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|Foreign firms' need to be careful of what activities constitute as having a permanent establishment in Vietnam|
Meanwhile, the tax authorities in many countries are paying increased attention to and have aggressive policies on issues related to Permanent Establishment (PE), especially since the release of the Base Erosion and Profit Shifting (BEPS) Action Plan by Organisation for Economic Cooperation and Development (OECD) in 2015. Therefore, one of the potential common tax exposures that international and global enterprises encounter in their normal course of business, is the situation in which an unintended “taxable presence,” for example, PE, is created in a jurisdiction.
PE might be created through the business activities of corporations in the host countries and they are not easy to recognise in some circumstances. Consequently, failure in managing PE risks when doing cross-border business might result in unexpected negative impact on the tax position and worldwide business results of international and multinational corporations (e.g. tax claw-back, penalty, and interest).
The creation of a PE is determined by the application of domestic laws, relevant tax treaties entered into by the countries, and recently-released BEPS Actions.
The current Vietnamese regulations stipulate the following three conditions to identify whether the foreign company’s business activities constitute a PE in Vietnam:
Meanwhile, the PE definition, in most Avoidance of Double Taxation Agreements (DTAs), is generally a fixed place of business through which the foreign entity carries out partly or wholly its business activities.
In the event there are different provisions on the definition of a PE provided under a DTA, these provisions shall take precedence over domestic regulations.
In practice, there are cases where foreign companies are reluctant to identify whether their activities trigger PE risks according to the Vietnamese tax authority’s strict view. Below are some common specific scenarios where foreign companies are considered to have a PE in Vietnam:
For example, in case the RO maintains (i) an engineering team to provide maintenance services for customers who purchase the goods from the parent company, or (ii) a sales team to assist the parent company’s sales activities in Vietnam (i.e. sales promotion, product launch/endorsement), those activities might trigger a PE exposure.
With an aim to provide a clear definition of PE, imposition of tax on PE’s, and to avoid or eliminate double taxation on the same income (such as revenue attributed to the PE) in two countries, the tax protection under DTA signed between Vietnam and approximately 75 countries could be applied.
In general, most DTAs stipulate that when a foreign company with a PE in Vietnam derives income from its home country and has paid tax under the provisions of the tax treaty and under its home country’s domestic laws, Vietnam may still tax such income, which is attributed to the PE in Vietnam.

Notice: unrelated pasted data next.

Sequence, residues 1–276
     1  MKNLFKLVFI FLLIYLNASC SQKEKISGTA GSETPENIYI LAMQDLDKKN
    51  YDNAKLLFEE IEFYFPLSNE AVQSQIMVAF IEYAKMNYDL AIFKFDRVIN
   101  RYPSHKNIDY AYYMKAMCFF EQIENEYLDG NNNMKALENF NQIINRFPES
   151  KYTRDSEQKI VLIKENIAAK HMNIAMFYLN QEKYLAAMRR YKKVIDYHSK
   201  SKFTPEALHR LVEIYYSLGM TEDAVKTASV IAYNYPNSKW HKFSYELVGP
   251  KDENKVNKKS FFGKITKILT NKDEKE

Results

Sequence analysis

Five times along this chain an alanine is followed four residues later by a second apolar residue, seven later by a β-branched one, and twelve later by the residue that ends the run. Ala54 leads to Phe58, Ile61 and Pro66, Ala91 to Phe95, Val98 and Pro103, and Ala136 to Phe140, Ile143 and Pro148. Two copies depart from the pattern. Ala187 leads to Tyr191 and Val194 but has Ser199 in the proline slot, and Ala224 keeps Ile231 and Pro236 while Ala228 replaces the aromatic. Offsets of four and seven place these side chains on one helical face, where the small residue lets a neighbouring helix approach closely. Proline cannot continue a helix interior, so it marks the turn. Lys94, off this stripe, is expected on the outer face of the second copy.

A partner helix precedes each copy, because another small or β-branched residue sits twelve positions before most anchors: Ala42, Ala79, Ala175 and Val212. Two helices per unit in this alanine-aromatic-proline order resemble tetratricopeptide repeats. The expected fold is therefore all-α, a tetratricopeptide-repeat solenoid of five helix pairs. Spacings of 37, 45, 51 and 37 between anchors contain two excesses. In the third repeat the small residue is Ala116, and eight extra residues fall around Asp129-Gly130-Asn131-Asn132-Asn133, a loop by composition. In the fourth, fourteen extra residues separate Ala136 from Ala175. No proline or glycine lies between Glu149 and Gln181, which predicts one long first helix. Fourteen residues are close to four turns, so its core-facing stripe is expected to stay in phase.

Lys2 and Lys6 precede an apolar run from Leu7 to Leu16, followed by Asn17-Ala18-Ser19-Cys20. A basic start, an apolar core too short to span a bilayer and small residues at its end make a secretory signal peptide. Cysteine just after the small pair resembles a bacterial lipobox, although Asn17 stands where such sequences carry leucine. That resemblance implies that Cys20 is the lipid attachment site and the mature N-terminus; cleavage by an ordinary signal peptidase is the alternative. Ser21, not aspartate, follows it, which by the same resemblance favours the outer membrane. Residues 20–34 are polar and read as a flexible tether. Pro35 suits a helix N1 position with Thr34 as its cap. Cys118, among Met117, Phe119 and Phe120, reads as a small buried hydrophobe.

However, simultaneously, the methods for elimination of double taxation could be applied so that the taxpayer does not have to pay double tax. In Vietnam, DTA impacts corporate income tax (CIT) and personal income tax (PIT) only. Accordingly, a foreign enterprise with a PE in Vietnam will pay:
Notwithstanding, the tax amount paid in Vietnam is likely not to be accepted for full tax credit in the home country and vice versa based on the domestic laws. In general, when a foreign entity is taxed in Vietnam on its PE’s revenue, it is permitted to subtract an amount equal to the tax paid in Vietnam from the tax imposed on income of the PE by their home country’s tax regime. Such tax credit, however, cannot exceed that part of the tax, as computed, before the deduction is given, which is levied on such income derived from Vietnam.
On the other hand, a foreign enterprise without a PE in Vietnam is subject to FCT (including CIT and VAT) only on income arising in Vietnam. Likewise, the DTAs provide tax protection in the case when a foreign company is able to apply a DTA for tax exemption in Vietnam without paying CIT, or still pays FCT in Vietnam, and submits the certification of tax declaration and payment in order to enjoy a tax credit against the relevant tax liability, in its host country.
Tax treaty claims are not automatically granted to beneficiaries even if the conditions for tax exemption/reduction are satisfied. The application dossier is required and subject to the assessment of the tax authority.
In light of the above, the PE situation might cost companies more tax. Moreover, in case the home country has not signed an agreement with Vietnam, it seems that the foreign company must bear double tax in both countries on the same income related to the PE.
Consequently, it is the responsibility of the taxpayer to prove that the local activities are preparatory or auxiliary in order to avoid triggering a PE. Additionally, given that the tax authorities generally target to increase revenues in their own jurisdictions, the multinational and international companies should take the following into account when doing business across borders to minimise the unexpected financial burden caused by unexpected PE issues:
This article is of a general nature only and readers should obtain advice specific to their circumstances from professional advisors.
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